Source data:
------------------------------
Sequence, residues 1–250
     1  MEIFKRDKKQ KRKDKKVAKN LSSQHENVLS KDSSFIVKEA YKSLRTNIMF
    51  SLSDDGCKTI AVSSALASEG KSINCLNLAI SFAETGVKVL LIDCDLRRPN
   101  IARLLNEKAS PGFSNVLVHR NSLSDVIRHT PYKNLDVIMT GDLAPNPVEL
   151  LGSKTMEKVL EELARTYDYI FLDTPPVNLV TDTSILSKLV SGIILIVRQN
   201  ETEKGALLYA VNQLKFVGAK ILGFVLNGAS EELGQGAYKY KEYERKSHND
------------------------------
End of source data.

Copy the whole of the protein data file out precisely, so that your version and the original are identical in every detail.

Sequence, residues 1–250
     1  MEIFKRDKKQ KRKDKKVAKN LSSQHENVLS KDSSFIVKEA YKSLRTNIMF
    51  SLSDDGCKTI AVSSALASEG KSINCLNLAI SFAETGVKVL LIDCDLRRPN
   101  IARLLNEKAS PGFSNVLVHR NSLSDVIRHT PYKNLDVIMT GDLAPNPVEL
   151  LGSKTMEKVL EELARTYDYI FLDTPPVNLV TDTSILSKLV SGIILIVRQN
   201  ETEKGALLYA VNQLKFVGAK ILGFVLNGAS EELGQGAYKY KEYERKSHND